Australian attraction to offer tours in Klingon language
The Jenolan Caves in Australia's Blue Mountains will soon offer the world's first audio tour entirely in Klingon, the fictional language used by the lumpy-headed, militaristic aliens in the Star Trek universe.
Australia's Jenolan Caves will soon offer the world's first audio tour voiced entirely in Klingon, the guttural language created for the popular "Star Trek" aliens with bumpy foreheads and a warrior's mentality.Skip to next paragraph
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On Aug. 22, the Klingon language will be one of three options added to the eight currently available for the self-guided audio tour through the "Nettle Cave." As many as 200,000 people pass through the chambers of this underground labyrinth annually, making it the most visited cave on the continent, Jenolan Caves Reserve Trust officials said in a statement.
"We are poised to boldly go where no other tourist attraction has gone before, with the first cave tour in the world to be available in the Klingon language," Reserve Trust officials said. [Star Trek Technologies in Real Life]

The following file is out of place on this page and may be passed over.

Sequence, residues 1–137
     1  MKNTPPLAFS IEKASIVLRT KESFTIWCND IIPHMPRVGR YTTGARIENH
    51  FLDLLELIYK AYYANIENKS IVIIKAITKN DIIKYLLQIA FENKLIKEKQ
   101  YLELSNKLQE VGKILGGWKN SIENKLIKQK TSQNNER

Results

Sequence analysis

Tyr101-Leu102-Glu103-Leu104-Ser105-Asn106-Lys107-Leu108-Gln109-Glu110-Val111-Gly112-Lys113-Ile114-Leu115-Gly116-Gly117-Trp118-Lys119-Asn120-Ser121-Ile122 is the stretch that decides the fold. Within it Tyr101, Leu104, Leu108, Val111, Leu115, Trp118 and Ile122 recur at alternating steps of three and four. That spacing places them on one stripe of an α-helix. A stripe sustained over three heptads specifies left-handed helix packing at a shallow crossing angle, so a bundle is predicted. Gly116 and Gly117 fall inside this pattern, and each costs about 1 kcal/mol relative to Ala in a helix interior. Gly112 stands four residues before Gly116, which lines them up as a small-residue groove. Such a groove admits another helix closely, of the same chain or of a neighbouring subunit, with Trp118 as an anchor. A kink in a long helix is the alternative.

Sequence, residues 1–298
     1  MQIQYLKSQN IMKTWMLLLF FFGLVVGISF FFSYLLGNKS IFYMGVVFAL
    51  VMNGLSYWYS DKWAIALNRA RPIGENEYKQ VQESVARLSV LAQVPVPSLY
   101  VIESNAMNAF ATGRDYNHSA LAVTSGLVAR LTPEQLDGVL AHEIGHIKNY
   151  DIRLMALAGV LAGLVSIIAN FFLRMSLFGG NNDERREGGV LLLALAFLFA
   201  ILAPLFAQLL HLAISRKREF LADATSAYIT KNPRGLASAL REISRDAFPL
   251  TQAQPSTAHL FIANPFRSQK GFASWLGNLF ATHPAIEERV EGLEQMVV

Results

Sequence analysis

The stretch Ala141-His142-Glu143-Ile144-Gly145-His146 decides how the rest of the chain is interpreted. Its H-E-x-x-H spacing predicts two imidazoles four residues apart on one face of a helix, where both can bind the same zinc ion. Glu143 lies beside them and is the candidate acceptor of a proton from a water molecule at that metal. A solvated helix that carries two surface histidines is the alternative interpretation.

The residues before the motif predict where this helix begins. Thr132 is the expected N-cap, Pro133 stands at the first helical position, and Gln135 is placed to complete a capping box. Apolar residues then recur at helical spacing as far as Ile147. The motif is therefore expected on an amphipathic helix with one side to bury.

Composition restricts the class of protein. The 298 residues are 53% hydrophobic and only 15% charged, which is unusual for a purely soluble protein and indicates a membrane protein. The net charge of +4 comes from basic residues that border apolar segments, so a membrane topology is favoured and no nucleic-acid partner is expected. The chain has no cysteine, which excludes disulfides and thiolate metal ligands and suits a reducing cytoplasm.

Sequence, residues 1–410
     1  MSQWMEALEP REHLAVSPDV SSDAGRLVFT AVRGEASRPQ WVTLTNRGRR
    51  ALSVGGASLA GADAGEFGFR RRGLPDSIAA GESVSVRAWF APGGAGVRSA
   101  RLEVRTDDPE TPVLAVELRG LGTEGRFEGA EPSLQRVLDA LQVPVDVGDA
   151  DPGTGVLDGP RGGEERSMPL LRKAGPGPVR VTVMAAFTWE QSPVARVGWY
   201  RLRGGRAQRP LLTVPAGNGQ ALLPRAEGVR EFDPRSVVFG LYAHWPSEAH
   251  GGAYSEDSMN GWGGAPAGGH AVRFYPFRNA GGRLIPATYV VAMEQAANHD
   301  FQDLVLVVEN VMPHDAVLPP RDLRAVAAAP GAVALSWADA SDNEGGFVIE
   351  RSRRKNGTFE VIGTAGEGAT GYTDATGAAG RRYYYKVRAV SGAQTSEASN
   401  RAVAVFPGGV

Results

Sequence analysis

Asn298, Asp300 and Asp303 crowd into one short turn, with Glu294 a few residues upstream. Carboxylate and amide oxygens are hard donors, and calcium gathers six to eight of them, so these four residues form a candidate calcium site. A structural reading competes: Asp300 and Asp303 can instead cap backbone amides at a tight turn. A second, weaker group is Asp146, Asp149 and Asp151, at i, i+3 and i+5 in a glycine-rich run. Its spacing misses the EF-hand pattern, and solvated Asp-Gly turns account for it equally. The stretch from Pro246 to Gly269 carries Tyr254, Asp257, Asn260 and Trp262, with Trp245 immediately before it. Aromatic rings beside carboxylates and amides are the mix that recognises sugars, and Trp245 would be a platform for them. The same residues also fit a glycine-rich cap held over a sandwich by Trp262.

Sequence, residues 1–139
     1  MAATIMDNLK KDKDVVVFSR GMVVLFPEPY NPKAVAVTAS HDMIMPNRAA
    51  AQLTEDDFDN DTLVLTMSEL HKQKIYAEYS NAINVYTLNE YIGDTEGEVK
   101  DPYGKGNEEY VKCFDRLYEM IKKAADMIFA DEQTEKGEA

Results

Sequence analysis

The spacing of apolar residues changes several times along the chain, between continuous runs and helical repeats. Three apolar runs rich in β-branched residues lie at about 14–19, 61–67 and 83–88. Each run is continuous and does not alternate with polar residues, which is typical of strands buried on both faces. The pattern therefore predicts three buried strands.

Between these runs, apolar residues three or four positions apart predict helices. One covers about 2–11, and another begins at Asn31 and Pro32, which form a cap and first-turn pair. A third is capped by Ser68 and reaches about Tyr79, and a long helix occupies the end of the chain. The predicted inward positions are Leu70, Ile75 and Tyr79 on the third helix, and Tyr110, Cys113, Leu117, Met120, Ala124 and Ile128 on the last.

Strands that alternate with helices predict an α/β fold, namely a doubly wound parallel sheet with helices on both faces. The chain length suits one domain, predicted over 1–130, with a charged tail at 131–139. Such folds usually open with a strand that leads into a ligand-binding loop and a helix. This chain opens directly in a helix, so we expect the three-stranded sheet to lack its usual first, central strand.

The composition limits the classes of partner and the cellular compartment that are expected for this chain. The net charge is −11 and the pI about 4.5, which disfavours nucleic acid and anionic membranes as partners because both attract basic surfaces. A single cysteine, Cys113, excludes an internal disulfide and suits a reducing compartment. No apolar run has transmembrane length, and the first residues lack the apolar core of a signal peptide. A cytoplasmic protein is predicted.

Two Klingon scholars from the United States visited the Jenolan Caves in early July, the officials added. After Michael Roney Jr., a professional Klingon translator based in Indianapolis, and science fiction author Tracy Canfield finalized the translation of the tour script, they joined forces in recording the new, properly harsh-sounding audio track.
Speaking in the alien language, Roney, who goes by the Klingonese name of "naHQun," remarked, "lH, qar'a'" in expressing the beauty of the caves.
A place in 'Star Trek' lore
The Jenolan Caves have a long-standing association with the "Star Trek" universe. A transport vessel in a 1992 episode of the series "Star Trek: The Next Generation," was christened the U.S.S. Jenolan after the caves.